One thing you learn as a woodworker is that what is good for somebody else might not be good for you. Alternately, what works for you might not work for another person. Take my chairmaker’s bench that I built roughly a year ago already, I love the bench. I modified a design from woodworker Drew Langsner and incorporated some other features. After seeing the storage compartment on a Chris Schwarz bench, I added one to mine. I like having a storage compartment underneath. I would have liked to build the whole bench longer with an end vise/tail vise, but I had space constraints. The trick with the hinged storage area underneath is you don’t want to store things on top of it. Dah. In particular, I love having all the dog holes through the bench top. I’ve heard other woodworker’s complain at different times that they don’t like benches with that many dog holes. That’s when you hear that a bench top looks like Swiss cheese, but my response so don’t have them. Having that many dog holes works for me and I like them. My clamping needs and preferences are clearly different than yours if you only need less than 10 dog holes. Even my Ulmia carver’s bench which has two rows of square dog holes has 30. It might not look as esthetic for others to have 30 plus holes, but as a practical woodworker I appreciate the capability. Whether it is making a spoon, fabricating chair parts or holding a woodcarving, I want those clamping options. When I invested in the Veritas twin screw vise, it made all the holes that much more important. Don’t get me wrong, some day I’ll build a thick Roubo bench with dovetailed legs, wooden threaded leg vise, and a nice tail vise, with significantly less dog holes. I don’t plan to do it for awhile though. Other than having a fastener or dust fall through one of the many dog holes on my current chairmaker’s bench, the benefits for me far outweigh the disadvantages.
What is an exciting new addition to my chairmaker bench is that I now have a WoodRiver Patternmaker’s or Gunstock Carving Vise. If you don’t have one, it is sweet for holding anything higher on the bench. I just used it to trim some tenons on some dining table aprons. All it takes to mount the vise is to find a dog hole to attach it anywhere on the bench. Options for changing orientations of stock are there. How cool is that? Like some others, I confess I drooled a little over the elegant Benchcrafted Carver’s vise, but I simply couldn’t afford the cost. Nor could I find the time to build a similar carver’s vise from scratch right now. If you’ve looked you know that there are some nice designs for building a vise for above the bench top clamping. Other than the lower part being cheaped out on the Woodcraft carving vise, by using stamped steel instead of cast iron, I am quite happy with the new vise. Replacing the light weight base with something heavier is one of the upgrades I’ll eventually make.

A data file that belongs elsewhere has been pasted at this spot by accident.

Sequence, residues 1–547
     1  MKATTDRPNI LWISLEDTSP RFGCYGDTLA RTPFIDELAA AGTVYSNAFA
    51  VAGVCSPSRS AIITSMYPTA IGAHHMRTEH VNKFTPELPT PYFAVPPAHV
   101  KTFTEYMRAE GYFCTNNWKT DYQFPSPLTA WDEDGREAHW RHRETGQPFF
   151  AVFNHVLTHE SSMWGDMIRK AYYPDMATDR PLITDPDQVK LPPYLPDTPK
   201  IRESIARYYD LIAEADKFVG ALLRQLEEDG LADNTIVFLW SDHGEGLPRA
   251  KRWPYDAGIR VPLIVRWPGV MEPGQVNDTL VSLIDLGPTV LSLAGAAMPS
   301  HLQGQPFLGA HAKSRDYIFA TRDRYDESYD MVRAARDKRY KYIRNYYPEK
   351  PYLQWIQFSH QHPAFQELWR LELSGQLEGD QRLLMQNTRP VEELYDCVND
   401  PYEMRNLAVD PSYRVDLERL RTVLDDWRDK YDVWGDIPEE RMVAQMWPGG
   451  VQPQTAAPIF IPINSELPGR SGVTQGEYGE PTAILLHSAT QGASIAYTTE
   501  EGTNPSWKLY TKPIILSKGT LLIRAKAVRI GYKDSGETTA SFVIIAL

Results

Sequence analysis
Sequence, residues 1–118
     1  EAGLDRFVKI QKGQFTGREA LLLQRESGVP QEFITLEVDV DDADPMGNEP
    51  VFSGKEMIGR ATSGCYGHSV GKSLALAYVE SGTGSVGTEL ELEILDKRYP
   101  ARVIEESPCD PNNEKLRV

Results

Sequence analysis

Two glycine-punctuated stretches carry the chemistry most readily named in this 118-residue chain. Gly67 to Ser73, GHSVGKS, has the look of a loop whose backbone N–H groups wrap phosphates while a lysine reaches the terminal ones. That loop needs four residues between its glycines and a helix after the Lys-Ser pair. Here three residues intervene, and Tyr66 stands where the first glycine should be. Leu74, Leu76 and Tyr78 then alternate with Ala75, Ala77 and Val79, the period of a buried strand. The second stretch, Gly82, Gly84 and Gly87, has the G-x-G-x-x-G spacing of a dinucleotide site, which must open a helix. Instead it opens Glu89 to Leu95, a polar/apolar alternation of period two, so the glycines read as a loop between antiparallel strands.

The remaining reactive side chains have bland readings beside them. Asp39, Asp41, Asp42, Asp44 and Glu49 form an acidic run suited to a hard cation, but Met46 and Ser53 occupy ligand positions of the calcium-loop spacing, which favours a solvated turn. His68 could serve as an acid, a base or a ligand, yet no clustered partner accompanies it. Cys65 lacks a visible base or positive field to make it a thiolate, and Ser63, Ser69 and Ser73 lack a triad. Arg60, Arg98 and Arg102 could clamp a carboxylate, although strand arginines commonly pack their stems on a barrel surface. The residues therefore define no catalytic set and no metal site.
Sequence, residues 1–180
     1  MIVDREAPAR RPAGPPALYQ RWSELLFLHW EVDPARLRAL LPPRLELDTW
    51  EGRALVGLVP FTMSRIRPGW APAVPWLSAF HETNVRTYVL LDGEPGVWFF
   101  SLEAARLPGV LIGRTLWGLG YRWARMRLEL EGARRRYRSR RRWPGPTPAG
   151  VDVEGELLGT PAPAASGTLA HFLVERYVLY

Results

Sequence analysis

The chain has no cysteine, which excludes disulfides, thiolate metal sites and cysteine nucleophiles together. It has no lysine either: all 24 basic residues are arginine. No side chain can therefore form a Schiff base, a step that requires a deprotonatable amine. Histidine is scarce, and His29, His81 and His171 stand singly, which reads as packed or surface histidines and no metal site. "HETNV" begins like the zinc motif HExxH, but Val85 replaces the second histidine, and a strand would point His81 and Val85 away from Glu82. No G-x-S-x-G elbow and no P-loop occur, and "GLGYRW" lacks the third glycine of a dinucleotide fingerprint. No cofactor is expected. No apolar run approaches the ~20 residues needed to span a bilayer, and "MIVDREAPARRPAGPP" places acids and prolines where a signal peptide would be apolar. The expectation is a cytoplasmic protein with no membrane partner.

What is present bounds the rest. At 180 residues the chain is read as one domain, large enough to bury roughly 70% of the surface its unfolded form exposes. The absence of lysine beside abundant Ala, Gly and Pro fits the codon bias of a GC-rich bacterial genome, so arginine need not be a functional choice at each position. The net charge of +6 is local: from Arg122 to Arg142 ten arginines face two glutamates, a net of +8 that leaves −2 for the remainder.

Since woodworking is such a broad application, I am glad for being blessed to do it. Whatever the interest level a person has in woodworking, there are numerous publications out there that can feed you with inspiration, new knowledge, and offer project ideas. To that end I have enjoyed Popular Woodworking Magazine for years and it was Fine Woodworking Magazine before that, but let’s face it our tastes change and publications change. I’m a currently a subscriber to Popular Woodworking, but I find other woodworking magazines also helpful at different times. The fact is that we have many opportunities to share woodworking information through magazines, blogs and websites, to take a class, to buy a DVD, or to watch a video clip on YouTube. What’s growth for me though has been to focus on my experiences of hand tool work in the moment. I find that my just doing the activity of woodworking gives peace, provided the performance goals are kept reasonable. If you read contemporary spiritual leader Thich Nhat Hanh sometime, you’ll get the idea that savoring our experiences is key to finding joy and contentment. Perfectionism can hold some of us back from the enjoyment part and if that is our experience sometimes, then think about using mindfulness as a way to keep the fun in woodworking. I won’t define it here, but suffice it to say that it involves greater appreciation for what you are doing as you do it. If your shop time gets squeezed in with all the other priorities, or you succumb to feeling some pressure to accomplish a lot on a free day, then enjoying the experience in the present tense may help you as well.